By Denise Phelps and the Global Social Service Workforce Alliance
An estimated 90% of people around the globe own a mobile phone. Experts predict that there will begin to be a shift toward global smartphone ownership, and as a result, developing nations will invest less in landline infrastructure and instead focus on broadband internet access. Despite this shift, most social workers and others in the social service workforce still do not have access to data in the field. As most practitioners spend their time away from an office or computer, making visits, this is problematic. A recent study in the US found that an overwhelming majority of social workers surveyed thought that mobile technology would help them do their jobs better.
The high rates of mobile phone ownership combined with the predicted increase in smart phone ownership among people in emerging markets has contributed to an increase in projects utilizing mobiles for health (mhealth). Over the last several years, the health and development sectors have been using mobile phones as a tool to support patient well-being, such as helping to diagnose patients, providing remote education to community health workers, monitoring worker performance, and providing patients with important health information and reminders.
While many of these same tools can be utilized in the social services field, they are currently more predominantly used in the U.S. and Western countries and on a much smaller scale than in the health field. The growing importance of technology use within the field is exemplified by the U.S. National Association of Social Work’s creation of standards on ethical use.
It is important to understand how new technology can improve services provided by the workforce as well as how it can make the job easier.
The mhealth movement has shown that there are a variety of ways that both the workforce and its constituents can benefit from the adoption of new mobile technologies. The Alliance’s State of the Social Service Workforce 2016 Report reviews progress over the last five years toward planning, developing and supporting the workforce.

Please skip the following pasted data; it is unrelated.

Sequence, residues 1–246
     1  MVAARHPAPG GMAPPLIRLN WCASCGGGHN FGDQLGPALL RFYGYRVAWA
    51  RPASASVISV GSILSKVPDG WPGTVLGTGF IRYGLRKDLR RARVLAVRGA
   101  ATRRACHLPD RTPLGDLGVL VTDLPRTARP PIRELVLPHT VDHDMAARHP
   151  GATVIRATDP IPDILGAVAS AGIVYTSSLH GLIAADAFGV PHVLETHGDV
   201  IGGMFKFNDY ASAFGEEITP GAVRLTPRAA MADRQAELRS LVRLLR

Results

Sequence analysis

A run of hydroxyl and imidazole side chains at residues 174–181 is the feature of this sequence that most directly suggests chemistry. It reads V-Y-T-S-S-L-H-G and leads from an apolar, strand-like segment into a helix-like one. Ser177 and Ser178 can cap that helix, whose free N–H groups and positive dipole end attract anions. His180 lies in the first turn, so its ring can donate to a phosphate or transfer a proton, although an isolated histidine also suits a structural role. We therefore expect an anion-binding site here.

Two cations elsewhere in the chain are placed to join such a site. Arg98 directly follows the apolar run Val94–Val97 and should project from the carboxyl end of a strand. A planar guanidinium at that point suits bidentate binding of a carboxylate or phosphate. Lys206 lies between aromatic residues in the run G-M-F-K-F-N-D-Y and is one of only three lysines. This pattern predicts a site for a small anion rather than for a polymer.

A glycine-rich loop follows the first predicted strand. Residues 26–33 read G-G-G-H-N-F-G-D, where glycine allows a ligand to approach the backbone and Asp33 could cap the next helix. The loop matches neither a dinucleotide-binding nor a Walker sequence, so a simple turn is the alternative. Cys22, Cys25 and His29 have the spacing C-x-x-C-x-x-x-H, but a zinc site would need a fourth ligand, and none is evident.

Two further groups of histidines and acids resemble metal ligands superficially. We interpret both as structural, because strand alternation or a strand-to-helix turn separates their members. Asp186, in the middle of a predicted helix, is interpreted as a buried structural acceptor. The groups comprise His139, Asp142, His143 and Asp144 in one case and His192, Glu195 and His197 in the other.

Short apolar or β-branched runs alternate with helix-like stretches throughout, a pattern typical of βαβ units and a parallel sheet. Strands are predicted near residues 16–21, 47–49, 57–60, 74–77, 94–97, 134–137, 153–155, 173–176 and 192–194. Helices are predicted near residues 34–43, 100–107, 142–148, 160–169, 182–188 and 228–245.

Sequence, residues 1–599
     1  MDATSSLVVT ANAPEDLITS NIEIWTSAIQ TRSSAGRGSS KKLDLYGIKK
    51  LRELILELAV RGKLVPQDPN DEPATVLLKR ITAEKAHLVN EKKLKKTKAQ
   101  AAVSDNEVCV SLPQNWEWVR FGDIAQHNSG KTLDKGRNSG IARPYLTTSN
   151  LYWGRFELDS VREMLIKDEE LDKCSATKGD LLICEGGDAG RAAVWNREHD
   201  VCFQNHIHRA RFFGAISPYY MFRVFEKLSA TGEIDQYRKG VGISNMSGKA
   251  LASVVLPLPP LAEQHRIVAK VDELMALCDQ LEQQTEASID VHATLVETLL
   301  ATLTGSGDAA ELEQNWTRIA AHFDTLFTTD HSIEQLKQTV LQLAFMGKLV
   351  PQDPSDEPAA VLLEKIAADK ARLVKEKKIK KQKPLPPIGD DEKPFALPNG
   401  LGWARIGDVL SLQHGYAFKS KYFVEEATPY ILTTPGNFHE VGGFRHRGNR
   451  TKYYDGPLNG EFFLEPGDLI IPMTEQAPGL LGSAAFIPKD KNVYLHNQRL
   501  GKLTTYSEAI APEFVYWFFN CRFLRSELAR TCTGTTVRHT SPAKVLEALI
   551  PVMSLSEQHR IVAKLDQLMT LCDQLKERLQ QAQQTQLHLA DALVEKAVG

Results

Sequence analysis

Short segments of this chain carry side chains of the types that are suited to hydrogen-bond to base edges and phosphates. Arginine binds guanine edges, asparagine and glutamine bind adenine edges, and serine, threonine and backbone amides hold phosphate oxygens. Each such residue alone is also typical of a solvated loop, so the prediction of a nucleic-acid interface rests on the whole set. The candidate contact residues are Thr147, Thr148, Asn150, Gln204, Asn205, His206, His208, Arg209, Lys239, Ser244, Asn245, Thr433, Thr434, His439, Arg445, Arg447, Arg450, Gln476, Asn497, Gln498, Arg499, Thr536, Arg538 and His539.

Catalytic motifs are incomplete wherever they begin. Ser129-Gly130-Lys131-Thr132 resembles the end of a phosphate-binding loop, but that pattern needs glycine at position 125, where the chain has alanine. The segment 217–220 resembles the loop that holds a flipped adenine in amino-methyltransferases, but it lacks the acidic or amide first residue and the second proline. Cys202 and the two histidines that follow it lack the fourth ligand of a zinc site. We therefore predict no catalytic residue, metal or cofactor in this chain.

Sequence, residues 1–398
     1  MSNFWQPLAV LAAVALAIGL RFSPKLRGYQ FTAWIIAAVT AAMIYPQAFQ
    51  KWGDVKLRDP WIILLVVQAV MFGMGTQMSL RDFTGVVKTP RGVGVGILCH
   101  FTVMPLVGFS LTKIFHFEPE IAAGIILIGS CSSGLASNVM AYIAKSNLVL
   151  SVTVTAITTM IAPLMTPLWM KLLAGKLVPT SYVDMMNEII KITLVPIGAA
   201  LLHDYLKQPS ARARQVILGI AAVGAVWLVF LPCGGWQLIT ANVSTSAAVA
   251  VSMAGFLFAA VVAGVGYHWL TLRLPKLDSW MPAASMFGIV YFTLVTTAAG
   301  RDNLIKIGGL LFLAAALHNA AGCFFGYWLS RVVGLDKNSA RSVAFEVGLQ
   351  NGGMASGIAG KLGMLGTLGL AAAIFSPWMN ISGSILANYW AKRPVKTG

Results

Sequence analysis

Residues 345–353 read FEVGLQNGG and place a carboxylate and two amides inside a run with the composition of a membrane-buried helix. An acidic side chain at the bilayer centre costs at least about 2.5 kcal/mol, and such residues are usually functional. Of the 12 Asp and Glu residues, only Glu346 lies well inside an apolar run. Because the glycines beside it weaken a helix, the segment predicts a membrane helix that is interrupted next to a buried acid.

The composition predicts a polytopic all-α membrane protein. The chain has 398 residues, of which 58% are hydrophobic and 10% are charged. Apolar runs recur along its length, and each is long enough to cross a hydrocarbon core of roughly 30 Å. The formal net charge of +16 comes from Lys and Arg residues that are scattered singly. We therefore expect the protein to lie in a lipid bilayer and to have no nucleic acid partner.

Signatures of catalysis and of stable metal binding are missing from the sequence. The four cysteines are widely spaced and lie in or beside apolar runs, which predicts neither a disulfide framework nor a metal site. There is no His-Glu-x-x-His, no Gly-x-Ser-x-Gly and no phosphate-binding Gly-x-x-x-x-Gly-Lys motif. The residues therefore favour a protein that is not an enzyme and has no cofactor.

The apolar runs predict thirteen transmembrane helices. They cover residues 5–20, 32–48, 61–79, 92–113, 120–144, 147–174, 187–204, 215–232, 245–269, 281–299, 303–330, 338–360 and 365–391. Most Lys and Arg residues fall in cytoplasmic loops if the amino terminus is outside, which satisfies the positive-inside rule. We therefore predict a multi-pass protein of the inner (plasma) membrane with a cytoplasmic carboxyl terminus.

Available, accurate data about both the workforce and the people you are trying to serve is a key part of planning. The lack of real-time data creates gaps in available evidence to make data-based decisions toward strengthening the workforce. The health sector has recently increased emphasis on developing and implementing human resource management systems and linking them to various tools for workers. Open Source Human Resource Information Solutions is one of the platforms being utilized, and some countries, including Malawi and Tanzania, are working on integrating information about the social service workforce into these platforms.
The University of Buffalo in New York, USA, developed an app for social workers that helps keep workers up-to-date on advancements in the field on everything from substance abuse to mental health services. They focus on evidence-based and promising practices that are most relevant in the field.
Ventura County, California, has developed a solution that uses a variety of software to provide child welfare workers with mobile technology to enhance the efficiency, effectiveness and economy of carrying out their tasks.
An SMS text-based data entry system was successfully piloted in Tanzania to help support para-social workers’ efforts to document their work with orphans and vulnerable children (OVC). Para-social workers were able to submit data via text that was automatically entered into the Department of Social Welfare’s OVC database.
Care Community Hub is an mHealth program in Ghana that combines virtual peer-to-peer support with improved connectedness in order to improve motivation and well-being for frontline health workers involved in maternal, newborn and child health service delivery. The program aims to increase data collection and reporting through additional support to workers.
Social service workers around the globe can benefit from mobile programs, which can also be an efficient way to reach currently underserved populations who typically reside in remote areas while increasing real-time data.
How are you using mobile technology to strengthen your work? Join the discussion to share your ideas and successful approaches.